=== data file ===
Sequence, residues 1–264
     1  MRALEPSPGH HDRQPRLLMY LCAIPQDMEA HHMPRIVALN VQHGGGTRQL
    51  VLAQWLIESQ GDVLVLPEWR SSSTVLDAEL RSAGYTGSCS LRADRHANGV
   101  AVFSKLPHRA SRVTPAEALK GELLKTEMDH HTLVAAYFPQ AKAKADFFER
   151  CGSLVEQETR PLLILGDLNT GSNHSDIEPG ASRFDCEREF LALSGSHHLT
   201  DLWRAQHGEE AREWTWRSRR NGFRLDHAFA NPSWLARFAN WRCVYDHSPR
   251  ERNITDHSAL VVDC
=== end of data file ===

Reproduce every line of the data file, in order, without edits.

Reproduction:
Sequence, residues 1–264
     1  MRALEPSPGH HDRQPRLLMY LCAIPQDMEA HHMPRIVALN VQHGGGTRQL
    51  VLAQWLIESQ GDVLVLPEWR SSSTVLDAEL RSAGYTGSCS LRADRHANGV
   101  AVFSKLPHRA SRVTPAEALK GELLKTEMDH HTLVAAYFPQ AKAKADFFER
   151  CGSLVEQETR PLLILGDLNT GSNHSDIEPG ASRFDCEREF LALSGSHHLT
   201  DLWRAQHGEE AREWTWRSRR NGFRLDHAFA NPSWLARFAN WRCVYDHSPR
   251  ERNITDHSAL VVDC